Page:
Category Archives: Politics

Sorry, Eurotunnel LeShuttle. I thought it was your fault.

We were booked to travel on the Chunnel from Calais to Folkestone yesterday evening, schedule departure around 8.30pm. We actually arrived 4 hours early, since we’d had good weather and the usual traffic jams around Antwerp hadn’t been as bad as usual. So we were looking forward to getting an early crossing and arriving home at a civilised hour.

The first intimation of a problem came when we passed queues of cars bound for the ferry port but stacked onto the motorway. A lorry had apparently had an accident and blocked the main route, so all traffic was being diverted via the town. We felt glad that we’d chosen the tunnel and not the ferry.
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Chalk and cheese: the attack on good food

My attention was taken by a Tweet from @samphireshop linking to a panic-stricken press release from an organisation called CASH, Consensus Action on Salt & Health.

Well, it certainly alarmed me! Let me quote the headlines from this paper. The use of capitals for emphasis is theirs, by the way:
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A little local kerfuffle

I rarely post about politics, still less local politics which tend to be rather footling. But some things are too funny not to be shared.

So, to set the scene. We live in a modest house on the boundary of a sports club. It’s a nice sports club: playing fields, floodlit hard pitches, a car park, and a modern clubhouse. We’re very close to the clubhouse. As I write, I can see the club kitchen extractor fans about 20 metres away. Only our immediate next-door neighbours are closer to the scene of the action than we are.

When we moved here, the sports club was run by British Rail. It was subsequently sold, and run as a private venture. When we arrived, we found that there was an active local campaign against the club, on the grounds that it was noisy and generated traffic. That campaign has gone on more or less unabated ever since.

Now, we tend to be fairly tolerant people. Besides, I used to work for a brewery many years ago, so we understand a bit about the hospitality industry. But in all fairness to the campaigners, there was a certain amount of truth behind their allegations.

The sports club was indeed noisy. I’m not a football fan, so I don’t entirely understand the culture, but for some reason footballers and their spectators find it impossible to converse except by shouting profanities at the top of their lungs. But that was OK, even when our children were small. They’d have learned those words at school anyway.

And, boy, could those guys drink! The sports club must have been a goldmine for British Rail back in the day. Every night at the weekend you could more or less set your watch by the fights that broke out in the carpark at chucking out time. Woe betide the likely lad who looked at his mate’s bird. The young lady in question would be shrieking, “Leave it, Darren, he’s not worth it!” The two protagonists would hurl curses and challenges at each other. A crowd of delighted spectators would cheer them on.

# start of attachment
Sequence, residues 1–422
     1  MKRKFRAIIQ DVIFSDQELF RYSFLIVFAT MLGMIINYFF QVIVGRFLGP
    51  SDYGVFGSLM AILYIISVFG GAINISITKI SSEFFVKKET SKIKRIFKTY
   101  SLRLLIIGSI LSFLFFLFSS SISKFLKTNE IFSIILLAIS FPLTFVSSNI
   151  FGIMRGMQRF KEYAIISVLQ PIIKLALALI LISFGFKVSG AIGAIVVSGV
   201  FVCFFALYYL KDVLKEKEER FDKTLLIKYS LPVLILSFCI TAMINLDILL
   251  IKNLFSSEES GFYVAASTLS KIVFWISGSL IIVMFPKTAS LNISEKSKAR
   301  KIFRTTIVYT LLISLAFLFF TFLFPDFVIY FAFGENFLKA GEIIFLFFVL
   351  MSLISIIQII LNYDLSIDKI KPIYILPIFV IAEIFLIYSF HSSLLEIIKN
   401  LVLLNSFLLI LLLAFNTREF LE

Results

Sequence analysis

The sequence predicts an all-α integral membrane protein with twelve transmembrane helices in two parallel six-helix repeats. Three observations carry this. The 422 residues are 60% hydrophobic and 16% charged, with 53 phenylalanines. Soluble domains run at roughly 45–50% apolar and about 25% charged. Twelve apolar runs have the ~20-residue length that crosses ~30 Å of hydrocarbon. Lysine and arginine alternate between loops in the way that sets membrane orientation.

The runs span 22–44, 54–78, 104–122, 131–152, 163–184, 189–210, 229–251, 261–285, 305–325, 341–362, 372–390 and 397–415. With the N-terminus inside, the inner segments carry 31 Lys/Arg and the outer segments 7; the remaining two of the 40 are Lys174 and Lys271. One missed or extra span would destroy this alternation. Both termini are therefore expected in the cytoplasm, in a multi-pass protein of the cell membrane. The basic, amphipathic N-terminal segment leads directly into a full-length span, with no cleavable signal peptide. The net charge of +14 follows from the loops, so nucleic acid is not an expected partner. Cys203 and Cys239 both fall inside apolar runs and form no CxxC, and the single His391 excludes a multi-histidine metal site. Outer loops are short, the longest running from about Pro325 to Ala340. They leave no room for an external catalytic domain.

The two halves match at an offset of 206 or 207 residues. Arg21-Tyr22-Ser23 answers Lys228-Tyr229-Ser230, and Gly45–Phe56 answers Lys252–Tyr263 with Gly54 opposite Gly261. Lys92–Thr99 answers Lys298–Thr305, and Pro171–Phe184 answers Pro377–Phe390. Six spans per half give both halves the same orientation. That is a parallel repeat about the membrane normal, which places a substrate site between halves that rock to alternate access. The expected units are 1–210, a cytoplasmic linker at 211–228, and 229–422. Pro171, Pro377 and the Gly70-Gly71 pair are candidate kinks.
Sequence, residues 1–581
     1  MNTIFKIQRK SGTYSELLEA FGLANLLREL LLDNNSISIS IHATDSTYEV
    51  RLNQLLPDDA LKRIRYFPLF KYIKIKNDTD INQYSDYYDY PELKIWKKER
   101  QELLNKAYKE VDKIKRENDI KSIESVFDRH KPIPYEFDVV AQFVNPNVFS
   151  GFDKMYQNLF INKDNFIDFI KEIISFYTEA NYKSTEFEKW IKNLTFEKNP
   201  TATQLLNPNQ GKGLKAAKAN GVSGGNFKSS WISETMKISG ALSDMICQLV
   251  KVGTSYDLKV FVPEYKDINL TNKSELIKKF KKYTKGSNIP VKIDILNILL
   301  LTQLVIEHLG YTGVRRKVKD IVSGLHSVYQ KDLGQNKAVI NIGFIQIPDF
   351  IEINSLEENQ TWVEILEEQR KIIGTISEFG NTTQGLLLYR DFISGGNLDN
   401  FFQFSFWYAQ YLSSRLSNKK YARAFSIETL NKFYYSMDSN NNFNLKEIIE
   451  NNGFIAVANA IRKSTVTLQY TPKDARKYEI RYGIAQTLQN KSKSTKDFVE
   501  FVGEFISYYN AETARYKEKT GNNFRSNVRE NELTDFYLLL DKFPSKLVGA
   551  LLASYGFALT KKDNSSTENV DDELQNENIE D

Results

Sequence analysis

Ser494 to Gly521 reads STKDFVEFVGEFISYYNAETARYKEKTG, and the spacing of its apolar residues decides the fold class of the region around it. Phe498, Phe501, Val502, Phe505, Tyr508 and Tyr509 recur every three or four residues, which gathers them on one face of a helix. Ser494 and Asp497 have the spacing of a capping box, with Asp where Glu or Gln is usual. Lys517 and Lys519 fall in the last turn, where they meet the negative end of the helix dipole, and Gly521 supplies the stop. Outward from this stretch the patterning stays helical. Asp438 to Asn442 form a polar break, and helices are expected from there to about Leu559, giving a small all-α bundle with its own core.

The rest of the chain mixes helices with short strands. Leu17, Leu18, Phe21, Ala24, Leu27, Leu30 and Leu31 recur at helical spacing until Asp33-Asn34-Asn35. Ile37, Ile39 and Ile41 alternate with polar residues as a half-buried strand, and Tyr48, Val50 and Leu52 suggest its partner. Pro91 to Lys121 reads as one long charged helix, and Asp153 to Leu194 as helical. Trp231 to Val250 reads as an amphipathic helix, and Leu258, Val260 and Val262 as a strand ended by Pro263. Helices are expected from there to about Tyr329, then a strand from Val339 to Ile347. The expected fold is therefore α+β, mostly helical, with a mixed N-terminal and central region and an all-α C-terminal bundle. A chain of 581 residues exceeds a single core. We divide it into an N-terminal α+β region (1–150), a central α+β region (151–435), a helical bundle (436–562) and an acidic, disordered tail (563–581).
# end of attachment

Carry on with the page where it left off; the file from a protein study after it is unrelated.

I don’t think much actual damage was ever done. In fact the only real downside of the evening’s entertainment was that the chap who was deemed the loser would jump into his car and drive off in a furious tyre-screeching temper. I never heard that anyone was killed as a result of their drunken driving, but what may have happened a couple of miles down the road is anyone’s guess.

One night, though, I was woken by tyre-screeching in the wee small hours, but this time coming in. I looked out of the window, to see the tail lights of a car leaving as rapidly as it had arrived. Within a few minutes the clubhouse was completely ablaze. Flames shooting high into the air. Fortunately for us, the wind direction was kind and our house was spared. But that’s why the current premises are so modern.

Anyway, over the years, the campaigns took their toll, and the sports club diminished. It’s had a flicker of a revival in recent times by changing the catering arrangements to an Indian restaurant. The activists responded magnificently by launching a new campaign complaining about the smell. Apparently the smell of Indian food is much more offensive than the smell of hamburgers. Ah, nostalgia! I haven’t heard that sort of thing said since we lived in the racially divided Birmingham of the 1970s.

But this can’t go on. The club can’t possibly be financially viable. The latest plan by the owners is to turn part of it (not all) into a holiday park for camping and caravanning, to run alongside sports facilities. It may seem odd in suburban Harrow, but there are several successful precedents, catering to campers who want to visit central London. Such sites make an ideal base to “do” the London tourist attractions cheaply. Not everyone can afford posh hotels, after all.

Now we’re rather in favour of this idea. We’re keen campers and (more recently) caravanners ourselves. And our experience has been consistently good. The sites we’ve stayed at, both in the UK and abroad, have been attractive, tranquil, and secure. Caravanners and motorhomers are, in our experience, the most careful, considerate and sober of drivers. We’ve never encountered drunken brawling on a caravan park, ever. Indeed, even someone playing music after around 10pm will expect to be silenced by the site wardens in the interests of other campers.

Compared with an active sports club, traffic will be hugely reduced. However you cut the figures, a caravan site would generate at most 10% of the vehicle traffic of a sports club. We are in any case on a busy commuter route with many thousands of vehicles passing each day, including huge trucks for the local access point for maintenance of the West Coast Main Line.